Two weeks ago I was sitting in a tepee sheltering from the rain at a festival when my phone beeped and I received a notification from the blog site that my blog traffic had significantly increased. Somewhat surprised, I logged on to find out why this might be. Before I go in to that, let me explain why all of that first sentence is somewhat bewildering to me. First of all, I booked the festival last year, when I thought I had kicked cancer’s arse. Post the secondary diagnosis I never know from one week to the next how I am going to be feeling, so there were many times when I thought I wouldn’t make it to the festival at all. Secondly, I thought I would be sheltering from the sun and the heatwave, the fact it was raining for the first time in two months was somewhat ironic. Thirdly, I am still amazed by 4G and what my phone can do, but I am easily pleased when it comes to technology.
The blog traffic increase came about because the week previously I had contacted Breast Cancer Care and Breast Cancer Now to tell them about my blog, just in case they thought it might be of interest or useful to anybody else. Unbeknown to me, that Saturday, whilst I was sitting in a field listening to music, Breast Cancer Care published a link to my blog on their Facebook page. I continue to be amazed by the response to that. Their post has now received over 800 likes. My blog readership basically doubled over night from just over 1,000 views to nearly 2,500. The numbers are really irrelevant. I received many comments and messages of support from so many people and particularly women like myself who find themselves in this god forsaken position. I think I was more surprised by the questions I received. I am not an expert and I can only talk about my experiences. It makes me realise what a lonely place this can be. It doesn’t matter how many websites you look at or booklets you read, sessions you attend or questions you ask your medical team, ultimately, sometimes you just need reassurance from somebody who knows how it feels. One email that stood out to me came as I emerged from the festival haze, it read “Reading your initial entries is the first time I’ve felt like someone else knows what my last few months has been like…. your story has given me hope“. I can’t tell you how proud I am of that.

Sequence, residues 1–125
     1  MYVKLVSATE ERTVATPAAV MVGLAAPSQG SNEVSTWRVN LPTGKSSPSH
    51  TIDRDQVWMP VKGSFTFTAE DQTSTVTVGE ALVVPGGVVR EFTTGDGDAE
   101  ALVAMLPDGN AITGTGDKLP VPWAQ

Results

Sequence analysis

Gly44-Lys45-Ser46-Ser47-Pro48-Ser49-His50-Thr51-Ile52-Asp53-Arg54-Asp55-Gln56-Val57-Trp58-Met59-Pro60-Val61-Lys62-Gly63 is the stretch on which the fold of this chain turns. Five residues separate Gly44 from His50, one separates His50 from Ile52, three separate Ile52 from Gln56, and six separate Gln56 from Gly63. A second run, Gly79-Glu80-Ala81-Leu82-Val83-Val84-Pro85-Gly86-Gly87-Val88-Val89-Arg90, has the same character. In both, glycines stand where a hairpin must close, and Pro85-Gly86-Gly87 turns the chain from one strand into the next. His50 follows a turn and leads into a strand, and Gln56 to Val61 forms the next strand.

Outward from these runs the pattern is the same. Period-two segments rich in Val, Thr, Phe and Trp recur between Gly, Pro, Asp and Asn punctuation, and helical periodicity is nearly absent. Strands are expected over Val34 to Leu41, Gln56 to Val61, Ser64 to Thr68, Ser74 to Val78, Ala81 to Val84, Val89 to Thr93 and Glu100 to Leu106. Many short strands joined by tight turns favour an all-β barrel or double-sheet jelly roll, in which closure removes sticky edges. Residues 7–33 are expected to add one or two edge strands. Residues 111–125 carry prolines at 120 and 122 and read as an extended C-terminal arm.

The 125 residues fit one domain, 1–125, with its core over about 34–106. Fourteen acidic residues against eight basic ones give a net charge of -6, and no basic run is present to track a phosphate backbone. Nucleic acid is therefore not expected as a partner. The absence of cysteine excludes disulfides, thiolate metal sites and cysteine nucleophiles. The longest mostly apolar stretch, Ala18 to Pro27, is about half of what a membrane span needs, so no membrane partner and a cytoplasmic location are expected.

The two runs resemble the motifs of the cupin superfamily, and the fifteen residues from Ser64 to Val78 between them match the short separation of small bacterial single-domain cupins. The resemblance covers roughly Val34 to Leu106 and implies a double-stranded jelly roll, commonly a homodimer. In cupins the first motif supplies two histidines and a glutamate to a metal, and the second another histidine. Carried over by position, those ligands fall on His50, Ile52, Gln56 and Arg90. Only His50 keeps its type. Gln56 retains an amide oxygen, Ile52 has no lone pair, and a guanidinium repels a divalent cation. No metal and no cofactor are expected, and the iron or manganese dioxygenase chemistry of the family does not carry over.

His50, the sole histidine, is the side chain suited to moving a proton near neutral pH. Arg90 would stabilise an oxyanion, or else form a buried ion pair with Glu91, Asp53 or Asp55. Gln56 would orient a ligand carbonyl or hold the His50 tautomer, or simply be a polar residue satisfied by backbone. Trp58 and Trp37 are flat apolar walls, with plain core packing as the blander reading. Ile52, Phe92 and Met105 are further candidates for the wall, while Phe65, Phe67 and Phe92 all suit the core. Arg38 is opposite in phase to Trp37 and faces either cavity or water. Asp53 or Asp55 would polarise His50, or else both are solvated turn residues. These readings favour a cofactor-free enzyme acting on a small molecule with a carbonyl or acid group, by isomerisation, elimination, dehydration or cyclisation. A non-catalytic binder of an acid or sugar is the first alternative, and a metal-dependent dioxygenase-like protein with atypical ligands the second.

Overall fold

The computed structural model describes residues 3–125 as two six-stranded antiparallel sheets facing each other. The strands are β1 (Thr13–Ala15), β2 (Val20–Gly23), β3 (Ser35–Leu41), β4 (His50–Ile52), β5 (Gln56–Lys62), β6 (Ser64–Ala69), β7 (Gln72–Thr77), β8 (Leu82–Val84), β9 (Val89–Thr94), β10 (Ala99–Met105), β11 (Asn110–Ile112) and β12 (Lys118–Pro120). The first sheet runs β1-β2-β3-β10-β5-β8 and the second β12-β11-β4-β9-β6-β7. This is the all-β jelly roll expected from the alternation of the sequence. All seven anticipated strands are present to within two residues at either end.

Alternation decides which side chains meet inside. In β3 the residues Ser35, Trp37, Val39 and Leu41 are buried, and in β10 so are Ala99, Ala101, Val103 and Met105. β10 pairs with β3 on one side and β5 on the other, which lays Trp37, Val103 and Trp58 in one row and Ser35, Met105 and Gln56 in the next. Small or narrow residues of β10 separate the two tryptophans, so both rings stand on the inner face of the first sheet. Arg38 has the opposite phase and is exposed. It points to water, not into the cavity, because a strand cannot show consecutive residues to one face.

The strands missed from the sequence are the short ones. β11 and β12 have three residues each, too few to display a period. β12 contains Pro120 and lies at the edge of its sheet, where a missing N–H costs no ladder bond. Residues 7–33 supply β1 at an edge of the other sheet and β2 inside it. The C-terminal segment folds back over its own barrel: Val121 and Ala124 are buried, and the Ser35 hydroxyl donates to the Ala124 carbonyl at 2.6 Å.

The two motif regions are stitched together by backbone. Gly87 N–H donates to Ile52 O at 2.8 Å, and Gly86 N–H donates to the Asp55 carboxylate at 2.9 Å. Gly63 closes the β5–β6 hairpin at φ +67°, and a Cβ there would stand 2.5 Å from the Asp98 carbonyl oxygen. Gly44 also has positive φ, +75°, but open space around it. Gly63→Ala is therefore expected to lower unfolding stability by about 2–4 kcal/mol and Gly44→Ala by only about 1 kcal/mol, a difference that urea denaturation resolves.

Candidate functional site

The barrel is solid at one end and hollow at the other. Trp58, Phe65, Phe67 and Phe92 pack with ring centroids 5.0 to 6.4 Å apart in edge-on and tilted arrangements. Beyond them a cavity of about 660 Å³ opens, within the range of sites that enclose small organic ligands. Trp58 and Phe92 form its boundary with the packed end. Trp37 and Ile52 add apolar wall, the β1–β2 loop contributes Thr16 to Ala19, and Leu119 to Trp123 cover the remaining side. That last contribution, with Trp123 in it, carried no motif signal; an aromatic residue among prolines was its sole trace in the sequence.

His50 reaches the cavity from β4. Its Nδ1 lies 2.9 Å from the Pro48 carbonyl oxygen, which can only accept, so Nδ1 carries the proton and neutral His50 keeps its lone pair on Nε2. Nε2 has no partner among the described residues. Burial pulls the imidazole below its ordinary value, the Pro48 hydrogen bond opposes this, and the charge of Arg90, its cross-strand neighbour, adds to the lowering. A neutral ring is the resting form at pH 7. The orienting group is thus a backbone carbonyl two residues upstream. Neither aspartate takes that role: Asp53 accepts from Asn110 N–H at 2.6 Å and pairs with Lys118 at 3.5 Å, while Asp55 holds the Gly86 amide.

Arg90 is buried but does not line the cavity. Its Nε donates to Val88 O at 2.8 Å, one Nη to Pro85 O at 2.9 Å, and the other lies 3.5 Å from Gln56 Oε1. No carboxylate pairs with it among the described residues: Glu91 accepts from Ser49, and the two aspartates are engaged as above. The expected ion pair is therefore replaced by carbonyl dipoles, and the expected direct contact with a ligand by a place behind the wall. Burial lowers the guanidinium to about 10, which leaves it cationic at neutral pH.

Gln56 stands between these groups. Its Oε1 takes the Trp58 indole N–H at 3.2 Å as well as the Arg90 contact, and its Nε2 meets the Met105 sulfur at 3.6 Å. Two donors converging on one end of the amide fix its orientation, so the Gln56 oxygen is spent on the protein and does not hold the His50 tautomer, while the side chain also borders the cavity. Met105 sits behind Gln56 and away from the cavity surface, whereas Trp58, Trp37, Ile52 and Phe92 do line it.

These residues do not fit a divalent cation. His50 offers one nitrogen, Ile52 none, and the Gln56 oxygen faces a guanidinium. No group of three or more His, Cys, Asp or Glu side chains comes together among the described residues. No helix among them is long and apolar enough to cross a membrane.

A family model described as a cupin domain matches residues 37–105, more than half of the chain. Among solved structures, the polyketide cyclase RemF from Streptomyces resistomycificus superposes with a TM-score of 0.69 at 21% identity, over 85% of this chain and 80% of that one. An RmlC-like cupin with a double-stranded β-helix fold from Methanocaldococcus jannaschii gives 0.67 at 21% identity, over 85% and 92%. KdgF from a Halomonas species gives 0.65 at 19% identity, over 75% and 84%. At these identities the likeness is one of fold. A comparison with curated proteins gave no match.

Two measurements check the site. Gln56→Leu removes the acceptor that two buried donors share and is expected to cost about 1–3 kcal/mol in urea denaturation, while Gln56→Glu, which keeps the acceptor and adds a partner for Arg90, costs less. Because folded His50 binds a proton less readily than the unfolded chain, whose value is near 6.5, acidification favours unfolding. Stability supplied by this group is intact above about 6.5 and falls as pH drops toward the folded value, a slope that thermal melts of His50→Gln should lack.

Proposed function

I am learning the value of community and shared experience, and for this fiercely independent single girl who has spent a lifetime trying to demonstrate I can do it myself, this may prove to be the most important lesson of all.
Lessons from a festival: 1) You can’t have too much glitter 2) You can’t wear too many animal prints 3) You can get your fake tan very wrong 4) Ferris wheels on your own are fun…
Normally at this point I would give an update on treatment, but, and how great is this, I don’t have anything to say. Nothing has happened since last time. I am having my scheduled week off the targeted therapy then I go to the treatment centre next week and that will be the first time for a month. Bloody marvellous.
I have used my treatment window to take another trip to Wales. Amongst other “benefits” available to people with my type of secondary cancer (and I use that term very loosely) I now have a disabled persons railcard. I also have a blue badge, but that’s just depressing. The point being, I went to Wales on the train. Anyone who has ever left my flat with me will know my total inability to travel light. What’s the point when you can fill your car boot with things you might need? I figured I may need to make friends with public transport so I packed a little bag and set off on my travels. Wales was lovely as always and we had some great GozFam times.
Lessons from my trip to Wales: 1) Don’t try to nap with a collie in the room 2) When baking with blackberries, be sure to find all the worms first. I didn’t.
Wishing you a happy bank holiday.
Big Love, AG xx